The girlfriends' guide to breastfeeding
World Breastfeeding Week is Aug. 1 to 7. We think that's worth celebrating, so we asked a panel of mothers and one of our lactation specialists to share their breastfeeding experiences and advice.
Breastfeeding is different for everyone
Breastfeeding is a unique experience for every mother and baby. It takes time to figure out how to get your baby to latch properly, which way to hold them and how long they take to eat. These factors can also change from day to day. Your baby may decide they don't like being cradled while feeding after all, or that they only want to lie on their right side.
Deb Minklein, RN, a lactation consultant at MultiCare Good Samaritan Hospital, encourages mothers to ask for help with breastfeeding.
"That early support makes all the difference. Managing breastfeeding at the beginning makes for an easier and more enjoyable process once mothers go home," says Minklein.
Lactation consultants at MultiCare’s Family Birth Centers offer help for new breastfeeding moms. MultiCare Women, Infant and Children (WIC) Nutrition Services also provides support, including education, resources for breastfeeding questions, early infant support and assistance to breastfeeding mothers returning to work.
Breastfeeding isn't always easy
Here's what your girlfriends aren't telling you. Breastfeeding can be a challenge, and guess what, it hurts.
"I assumed because it was a natural process that it would be easy. It wasn’t always," says Marce, a Tacoma mom.
It can be painful when your milk comes in and your breasts become engorged. And it can hurt when your baby latches. In addition to learning how to hold your baby while they feed or how often to feed them, moms can get frustrated about breastfeeding, especially when running on only a couple hours of sleep.
As Jen, a mom from Puyallup, puts it, "I was surprised at how much it hurt to nurse in the beginning. I had a few moments during those first weeks when I wanted to give up."
Be patient. It will get better.
"Both the mother and baby are learning how to breastfeed. Your baby is learning to latch and eat and you are learning how to read baby's behavior," says Minklein. "It can be a hard learning curve, but it gets easier."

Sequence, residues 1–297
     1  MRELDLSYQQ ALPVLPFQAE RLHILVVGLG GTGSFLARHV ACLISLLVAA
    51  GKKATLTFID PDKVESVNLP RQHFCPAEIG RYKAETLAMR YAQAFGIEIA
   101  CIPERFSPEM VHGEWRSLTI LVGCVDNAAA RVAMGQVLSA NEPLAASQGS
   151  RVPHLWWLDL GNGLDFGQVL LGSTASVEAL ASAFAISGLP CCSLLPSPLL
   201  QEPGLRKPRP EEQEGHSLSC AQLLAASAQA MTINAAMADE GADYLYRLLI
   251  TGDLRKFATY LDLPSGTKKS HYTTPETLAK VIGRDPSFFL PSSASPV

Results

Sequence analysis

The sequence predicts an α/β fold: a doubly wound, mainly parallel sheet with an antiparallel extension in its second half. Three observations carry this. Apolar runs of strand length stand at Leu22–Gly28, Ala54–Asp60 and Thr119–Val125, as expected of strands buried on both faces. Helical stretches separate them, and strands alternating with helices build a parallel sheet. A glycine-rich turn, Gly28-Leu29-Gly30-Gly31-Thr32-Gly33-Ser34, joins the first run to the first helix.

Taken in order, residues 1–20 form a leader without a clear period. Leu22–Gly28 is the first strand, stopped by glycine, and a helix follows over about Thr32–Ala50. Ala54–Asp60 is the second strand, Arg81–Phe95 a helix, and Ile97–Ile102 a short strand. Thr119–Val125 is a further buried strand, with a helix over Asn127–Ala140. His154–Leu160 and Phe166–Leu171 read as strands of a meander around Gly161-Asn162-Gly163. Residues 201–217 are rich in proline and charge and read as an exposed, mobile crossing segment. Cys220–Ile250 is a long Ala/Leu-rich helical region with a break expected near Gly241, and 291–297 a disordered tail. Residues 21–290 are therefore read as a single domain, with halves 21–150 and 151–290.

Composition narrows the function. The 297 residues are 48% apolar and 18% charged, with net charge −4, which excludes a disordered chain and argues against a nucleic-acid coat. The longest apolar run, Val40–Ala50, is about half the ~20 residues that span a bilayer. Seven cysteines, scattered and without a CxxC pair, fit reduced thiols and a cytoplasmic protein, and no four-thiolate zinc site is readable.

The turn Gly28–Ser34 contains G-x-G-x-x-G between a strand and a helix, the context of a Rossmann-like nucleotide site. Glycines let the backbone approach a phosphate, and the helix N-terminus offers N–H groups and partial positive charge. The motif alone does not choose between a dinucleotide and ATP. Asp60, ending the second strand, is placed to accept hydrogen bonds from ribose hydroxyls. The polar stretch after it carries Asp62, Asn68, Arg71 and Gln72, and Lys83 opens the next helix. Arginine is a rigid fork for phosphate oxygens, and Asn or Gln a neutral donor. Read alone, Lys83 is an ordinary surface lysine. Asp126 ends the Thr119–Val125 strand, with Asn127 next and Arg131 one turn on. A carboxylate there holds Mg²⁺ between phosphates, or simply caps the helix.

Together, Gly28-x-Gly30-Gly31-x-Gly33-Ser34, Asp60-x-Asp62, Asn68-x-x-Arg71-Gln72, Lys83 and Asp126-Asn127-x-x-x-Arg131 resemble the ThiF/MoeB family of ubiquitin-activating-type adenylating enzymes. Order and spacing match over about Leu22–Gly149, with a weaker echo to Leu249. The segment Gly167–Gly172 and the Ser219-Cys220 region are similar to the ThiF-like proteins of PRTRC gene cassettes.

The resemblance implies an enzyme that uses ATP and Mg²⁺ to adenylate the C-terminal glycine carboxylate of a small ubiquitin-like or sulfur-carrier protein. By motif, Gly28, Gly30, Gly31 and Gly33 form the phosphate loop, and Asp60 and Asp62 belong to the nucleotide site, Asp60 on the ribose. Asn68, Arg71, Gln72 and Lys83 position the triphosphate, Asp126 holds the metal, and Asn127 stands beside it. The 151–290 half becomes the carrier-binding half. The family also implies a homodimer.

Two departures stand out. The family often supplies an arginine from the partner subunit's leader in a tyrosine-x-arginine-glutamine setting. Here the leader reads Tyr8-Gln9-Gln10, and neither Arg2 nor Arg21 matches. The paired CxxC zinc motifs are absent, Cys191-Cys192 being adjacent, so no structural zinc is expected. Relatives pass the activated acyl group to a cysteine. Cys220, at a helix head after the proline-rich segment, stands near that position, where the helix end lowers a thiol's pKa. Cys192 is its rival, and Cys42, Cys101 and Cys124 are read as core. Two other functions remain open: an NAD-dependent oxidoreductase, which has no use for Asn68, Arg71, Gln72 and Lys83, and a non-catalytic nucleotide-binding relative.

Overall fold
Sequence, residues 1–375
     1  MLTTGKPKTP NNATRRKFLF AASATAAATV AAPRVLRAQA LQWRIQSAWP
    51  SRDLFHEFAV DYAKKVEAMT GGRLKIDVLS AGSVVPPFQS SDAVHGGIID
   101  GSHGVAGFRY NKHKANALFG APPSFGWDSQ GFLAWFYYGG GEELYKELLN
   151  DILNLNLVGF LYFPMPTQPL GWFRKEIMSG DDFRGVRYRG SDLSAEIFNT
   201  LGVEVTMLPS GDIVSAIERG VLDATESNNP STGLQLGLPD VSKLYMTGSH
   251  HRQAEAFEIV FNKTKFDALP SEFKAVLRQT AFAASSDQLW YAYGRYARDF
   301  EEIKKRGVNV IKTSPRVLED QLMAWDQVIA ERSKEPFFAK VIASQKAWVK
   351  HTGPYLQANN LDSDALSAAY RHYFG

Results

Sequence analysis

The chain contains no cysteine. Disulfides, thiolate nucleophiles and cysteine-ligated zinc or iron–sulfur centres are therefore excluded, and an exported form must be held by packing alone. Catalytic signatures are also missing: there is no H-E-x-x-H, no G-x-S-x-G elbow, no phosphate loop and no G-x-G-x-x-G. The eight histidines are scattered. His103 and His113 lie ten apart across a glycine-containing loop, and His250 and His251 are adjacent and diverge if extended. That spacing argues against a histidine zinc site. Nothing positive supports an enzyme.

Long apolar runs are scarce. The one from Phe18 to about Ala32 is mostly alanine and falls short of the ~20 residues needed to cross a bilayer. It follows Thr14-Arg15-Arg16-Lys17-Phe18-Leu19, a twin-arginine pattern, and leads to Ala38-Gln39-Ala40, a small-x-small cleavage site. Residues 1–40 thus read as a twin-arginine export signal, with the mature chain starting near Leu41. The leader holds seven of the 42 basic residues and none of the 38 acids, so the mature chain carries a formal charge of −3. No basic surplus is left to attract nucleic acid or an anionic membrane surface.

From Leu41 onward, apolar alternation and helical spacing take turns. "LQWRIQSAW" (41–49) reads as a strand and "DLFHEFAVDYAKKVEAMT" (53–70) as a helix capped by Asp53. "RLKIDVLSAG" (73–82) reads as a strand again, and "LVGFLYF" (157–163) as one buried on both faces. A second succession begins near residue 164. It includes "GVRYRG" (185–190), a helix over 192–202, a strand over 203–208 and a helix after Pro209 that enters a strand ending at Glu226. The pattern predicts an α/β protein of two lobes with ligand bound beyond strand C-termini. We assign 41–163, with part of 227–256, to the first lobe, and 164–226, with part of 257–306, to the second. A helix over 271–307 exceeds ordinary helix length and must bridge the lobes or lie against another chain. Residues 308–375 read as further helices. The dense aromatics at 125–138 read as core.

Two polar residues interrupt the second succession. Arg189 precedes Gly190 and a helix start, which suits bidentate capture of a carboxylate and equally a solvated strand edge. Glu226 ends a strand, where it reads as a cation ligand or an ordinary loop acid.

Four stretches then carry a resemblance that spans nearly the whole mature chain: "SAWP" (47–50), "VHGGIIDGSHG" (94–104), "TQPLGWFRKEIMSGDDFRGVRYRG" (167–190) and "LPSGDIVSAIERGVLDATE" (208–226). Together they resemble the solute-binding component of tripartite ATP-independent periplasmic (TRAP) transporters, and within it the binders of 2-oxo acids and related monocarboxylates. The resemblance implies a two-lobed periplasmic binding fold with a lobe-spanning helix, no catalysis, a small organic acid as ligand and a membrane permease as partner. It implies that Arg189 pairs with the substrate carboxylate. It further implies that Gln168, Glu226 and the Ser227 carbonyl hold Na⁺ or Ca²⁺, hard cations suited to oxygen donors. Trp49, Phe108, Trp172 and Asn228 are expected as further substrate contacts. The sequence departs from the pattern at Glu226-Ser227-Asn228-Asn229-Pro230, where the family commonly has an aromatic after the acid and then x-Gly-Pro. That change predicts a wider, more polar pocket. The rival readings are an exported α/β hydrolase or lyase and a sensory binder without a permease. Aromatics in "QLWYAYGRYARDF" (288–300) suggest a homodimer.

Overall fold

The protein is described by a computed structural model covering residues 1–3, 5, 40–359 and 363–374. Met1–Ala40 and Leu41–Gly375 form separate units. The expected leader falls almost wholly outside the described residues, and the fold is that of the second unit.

Here are some tips from our panel of mothers to help make breastfeeding easier.
Be sure to have nipple cream and ice packs to help soothe tender skin.
Get a breastfeeding pillow that wraps around your waist. It's a lifesaver, making it more comfortable for you and your baby to feed.
Create a breastfeeding station at your house. Keep water, burp cloths and a breastfeeding pillow close at hand.
When you get frustrated, remember that any amount of breast milk you provide your child is better than nothing.
Breastfeeding helps your baby thrive
Breast milk provides the best source of nutrition for infants. Research shows that babies who are breastfed exclusively for the first six months are less likely to develop a wide range of chronic and acute diseases, including:
- Childhood obesity
- Ear infections
- Lower respiratory infections
- Sudden infant death syndrome (SIDS)
- Type 2 diabetes
Mothers also benefit from breastfeeding, with a decreased risk for breast and ovarian cancers.
Breastfeeding also burns extra calories, helping you lose pregnancy weight faster.
Breastfeeding is more than a food source for your infant. The physical closeness and skin-to-skin touching when breastfeeding develops your bond with your baby and makes them feel secure.
"The bond I had with my children while breastfeeding was so special and reminded me to take a breath, relax and remember to slow down," says Maple Valley mom Jessica.
"Keep a camera close by," says Sherrilee, a Tacoma mom. "Some of the most precious photos I have of my children are of them snoozing or gazing at me after breastfeeding."
MultiCare offers breastfeeding support services, classes and supplies to help new moms tackle the challenges that come with breastfeeding. Learn more about our lactation services.
The MultiCare WIC Breastfeeding Helpline is available for breastfeeding questions, 253-848-0826. Trained staff members, including Internationally Board Certified Lactation Consultants (IBCLC), are also available at individual clinics for new mothers and infants to receive advice and assistance.
This story was originally published in August 2014 and updated in August 2016.
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